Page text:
Relief as Exeter City Council takes action on St Thomas arches

Exeter labour logo

 

EXETER CITY COUNCIL Labour Group

Media Release | 18 October 2016

FOR IMMEDIATE RELEASE

 Relief as Exeter City Council takes action on St Thomas arches

At the Exeter City Council meeting held on 18 October, Councillors formally approved the £50,000 budget to install fencing the length of the arches. This follows repeated complaints from residents about anti-social behaviour in the area.

Councillor Hannah Packham said “It has been a really difficult and distressing period for residents, with totally unacceptable behaviour taking place directly next to, and occasionally on, their properties. I have been working with ECC, Riverside Leisure Centre, the Neighbourhood Policing team and Network Rail to find a solution.

“Some neighbours were interested in using the space to accommodate community and business opportunities. Unfortunately the cost of waterproofing the arches for business use, which we lease from Network Rail is just too high, so fencing is he most viable option.

“I am pleased that ECC has agreed the £50,000 funding which will hopefully make such a difference to residents’ quality of life.”

=ENDS=

hannah-packham-st-thomas-railway-arches-2016-02-10-12-18-15
Cllr Hannah Packham with Network Rail at St Thomas Railway Arches

 

Notes for Editors

[01] ECC Executive meeting held on 12 September 2016 noted the delegated decision taken by Assistant Director Environment in consultation with the Portfolio Holder for Place to approve emergency capital funding of £50,000 from the 2016/17 General Capital Fund for improvements to the Railway Arches at Riverside, Cowick Street; these improvements to prevent unauthorised access to the under-space of the arches and the south access strip of land between the arches and the rear gardens of Beaufort Road.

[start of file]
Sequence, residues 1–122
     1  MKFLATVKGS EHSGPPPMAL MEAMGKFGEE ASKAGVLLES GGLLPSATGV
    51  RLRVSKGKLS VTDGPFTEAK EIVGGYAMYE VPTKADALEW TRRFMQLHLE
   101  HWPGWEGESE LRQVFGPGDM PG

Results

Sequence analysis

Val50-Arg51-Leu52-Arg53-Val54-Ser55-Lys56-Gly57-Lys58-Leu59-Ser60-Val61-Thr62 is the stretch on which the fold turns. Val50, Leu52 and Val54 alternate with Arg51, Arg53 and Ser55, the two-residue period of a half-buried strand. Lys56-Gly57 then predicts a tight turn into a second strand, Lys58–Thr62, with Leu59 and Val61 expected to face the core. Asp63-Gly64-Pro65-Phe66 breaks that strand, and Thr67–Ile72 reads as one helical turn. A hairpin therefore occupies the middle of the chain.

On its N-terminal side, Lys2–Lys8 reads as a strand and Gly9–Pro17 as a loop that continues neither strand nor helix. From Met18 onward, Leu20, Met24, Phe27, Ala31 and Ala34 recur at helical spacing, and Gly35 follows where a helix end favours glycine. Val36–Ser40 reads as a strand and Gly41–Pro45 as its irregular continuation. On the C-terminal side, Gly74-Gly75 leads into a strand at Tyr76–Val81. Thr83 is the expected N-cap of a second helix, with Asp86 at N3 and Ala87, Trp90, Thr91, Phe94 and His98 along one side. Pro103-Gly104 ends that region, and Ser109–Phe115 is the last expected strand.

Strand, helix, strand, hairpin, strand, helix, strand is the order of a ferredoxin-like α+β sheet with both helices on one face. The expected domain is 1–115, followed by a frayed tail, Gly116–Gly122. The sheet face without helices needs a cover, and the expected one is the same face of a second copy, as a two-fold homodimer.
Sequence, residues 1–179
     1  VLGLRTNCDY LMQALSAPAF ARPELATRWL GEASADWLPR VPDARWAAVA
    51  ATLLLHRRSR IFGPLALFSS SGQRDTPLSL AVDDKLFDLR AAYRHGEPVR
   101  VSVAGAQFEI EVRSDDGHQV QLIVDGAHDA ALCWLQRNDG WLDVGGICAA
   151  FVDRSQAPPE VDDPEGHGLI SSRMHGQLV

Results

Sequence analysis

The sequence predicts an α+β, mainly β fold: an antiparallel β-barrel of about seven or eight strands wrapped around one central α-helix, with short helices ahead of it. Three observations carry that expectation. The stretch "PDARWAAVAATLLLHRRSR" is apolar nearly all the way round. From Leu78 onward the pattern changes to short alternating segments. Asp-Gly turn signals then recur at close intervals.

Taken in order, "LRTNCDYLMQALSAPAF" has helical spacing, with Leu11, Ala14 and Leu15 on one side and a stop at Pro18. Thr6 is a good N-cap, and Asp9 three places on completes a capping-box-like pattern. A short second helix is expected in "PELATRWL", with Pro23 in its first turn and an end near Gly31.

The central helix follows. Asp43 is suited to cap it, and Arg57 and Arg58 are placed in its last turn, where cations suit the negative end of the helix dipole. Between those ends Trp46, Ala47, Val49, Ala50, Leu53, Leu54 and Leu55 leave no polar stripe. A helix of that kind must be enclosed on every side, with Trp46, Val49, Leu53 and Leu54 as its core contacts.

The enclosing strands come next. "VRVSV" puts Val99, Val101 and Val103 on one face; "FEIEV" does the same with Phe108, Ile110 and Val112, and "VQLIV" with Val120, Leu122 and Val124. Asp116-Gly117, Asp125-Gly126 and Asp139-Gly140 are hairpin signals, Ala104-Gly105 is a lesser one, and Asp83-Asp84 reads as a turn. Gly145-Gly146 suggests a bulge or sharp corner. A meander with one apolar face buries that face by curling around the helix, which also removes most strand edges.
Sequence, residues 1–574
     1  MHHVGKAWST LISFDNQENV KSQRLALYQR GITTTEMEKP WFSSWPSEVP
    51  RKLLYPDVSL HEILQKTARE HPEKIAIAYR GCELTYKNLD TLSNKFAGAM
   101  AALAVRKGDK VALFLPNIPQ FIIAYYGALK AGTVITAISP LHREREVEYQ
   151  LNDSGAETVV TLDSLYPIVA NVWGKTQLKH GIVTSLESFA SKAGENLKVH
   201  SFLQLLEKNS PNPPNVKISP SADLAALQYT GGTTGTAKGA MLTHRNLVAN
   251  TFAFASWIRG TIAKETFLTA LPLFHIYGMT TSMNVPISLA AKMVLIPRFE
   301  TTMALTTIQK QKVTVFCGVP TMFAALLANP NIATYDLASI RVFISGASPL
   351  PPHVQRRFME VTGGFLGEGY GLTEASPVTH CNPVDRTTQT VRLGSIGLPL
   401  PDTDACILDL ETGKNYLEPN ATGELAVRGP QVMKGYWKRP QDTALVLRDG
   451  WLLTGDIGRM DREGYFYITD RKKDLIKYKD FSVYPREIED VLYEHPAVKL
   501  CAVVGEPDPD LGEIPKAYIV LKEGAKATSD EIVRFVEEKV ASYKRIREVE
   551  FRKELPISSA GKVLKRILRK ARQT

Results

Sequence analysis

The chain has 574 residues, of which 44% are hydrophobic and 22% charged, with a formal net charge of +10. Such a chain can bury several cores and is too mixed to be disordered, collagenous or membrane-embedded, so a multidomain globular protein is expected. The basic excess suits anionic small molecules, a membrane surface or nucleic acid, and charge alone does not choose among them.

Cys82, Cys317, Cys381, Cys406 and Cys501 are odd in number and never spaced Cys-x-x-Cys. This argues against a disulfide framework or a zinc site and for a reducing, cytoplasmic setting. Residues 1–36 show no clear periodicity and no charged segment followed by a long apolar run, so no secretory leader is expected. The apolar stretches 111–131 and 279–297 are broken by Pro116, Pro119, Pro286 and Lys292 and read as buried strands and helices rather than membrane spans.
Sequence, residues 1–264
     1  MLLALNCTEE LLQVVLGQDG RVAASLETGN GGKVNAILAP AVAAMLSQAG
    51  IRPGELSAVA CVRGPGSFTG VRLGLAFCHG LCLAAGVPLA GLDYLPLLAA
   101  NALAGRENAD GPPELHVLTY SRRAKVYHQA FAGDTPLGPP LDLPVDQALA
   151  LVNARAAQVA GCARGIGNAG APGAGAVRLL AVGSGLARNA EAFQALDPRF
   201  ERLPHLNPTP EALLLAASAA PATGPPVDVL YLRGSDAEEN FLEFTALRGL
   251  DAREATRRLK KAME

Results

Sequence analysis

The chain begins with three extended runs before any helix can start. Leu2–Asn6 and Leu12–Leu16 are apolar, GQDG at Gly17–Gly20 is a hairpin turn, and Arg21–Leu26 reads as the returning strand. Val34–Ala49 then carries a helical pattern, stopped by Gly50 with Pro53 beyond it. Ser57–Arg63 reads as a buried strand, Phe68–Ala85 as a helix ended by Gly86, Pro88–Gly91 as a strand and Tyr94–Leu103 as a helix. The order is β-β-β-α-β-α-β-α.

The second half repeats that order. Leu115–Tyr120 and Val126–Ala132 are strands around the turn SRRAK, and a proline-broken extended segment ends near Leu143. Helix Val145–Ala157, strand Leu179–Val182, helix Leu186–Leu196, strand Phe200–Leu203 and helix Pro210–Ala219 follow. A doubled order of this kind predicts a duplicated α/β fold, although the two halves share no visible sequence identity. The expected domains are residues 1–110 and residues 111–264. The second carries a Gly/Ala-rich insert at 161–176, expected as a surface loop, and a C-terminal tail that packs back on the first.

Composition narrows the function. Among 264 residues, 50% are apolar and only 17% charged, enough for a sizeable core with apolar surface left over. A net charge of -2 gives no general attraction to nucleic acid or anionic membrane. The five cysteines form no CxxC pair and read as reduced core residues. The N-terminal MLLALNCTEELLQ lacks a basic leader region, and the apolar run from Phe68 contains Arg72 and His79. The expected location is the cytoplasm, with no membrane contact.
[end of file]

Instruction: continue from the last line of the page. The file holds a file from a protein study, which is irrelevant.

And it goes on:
http://committees.exeter.gov.uk/ieListDocuments.aspx?CId=112&MId=4470&Ver=4

 

 

E&E Letters | Inconsiderate pavement parking – Let’s make it ‘cross-party’

E&E

13 October 2016

Inconsiderate pavement parking – Let’s make it ‘cross-party’

I welcome the recent thoughts of Cllr Peter Holland on the issue of inconsiderate pavement parking [Anger over inconsiderate pavement parking in ExeterE&E, 10 October 2016] as they echo the same comments I’ve been making for the past five years.

Cllr Holland is correct that section 30 of the Exeter City Council Act 1987 did outlaw the practice of parking on footpaths [ie pavements] and verges, and this provision was enforced by traffic wardens under the direction of Devon & Cornwall Police.

exeter-act-1987-cover

section-30-of-exeter-city-council-act-1987

However, Cllr Holland is mistaken in saying “when the responsibility for enforcement of the law was transferred to Devon County Council the law went into ‘decay’.”

The truth is that when parking enforcement was decriminalised in May 2008, those powers transferred to Devon County Council and now Civil Enforcement Officers [CEOs] enforce using powers issued by the Secretary of State for Transport [The Rt Hon Chris Grayling MP] under regulations contained within the Traffic Management Act 2004.

And in the rush to transfer powers to DCC, the provisions of the Exeter Act 1987 were missed.

A new power was conveyed by Statutory Instrument 2012 No.12 issued by the Government under the TMA 2004. Within its Schedules, the Statutory Instrument details which restrictions can be enforced by DCC’s CEOs.

statutory-instrument-2012-no-12Civil enforcement of offences in section 30 of the Exeter City Council Act 1987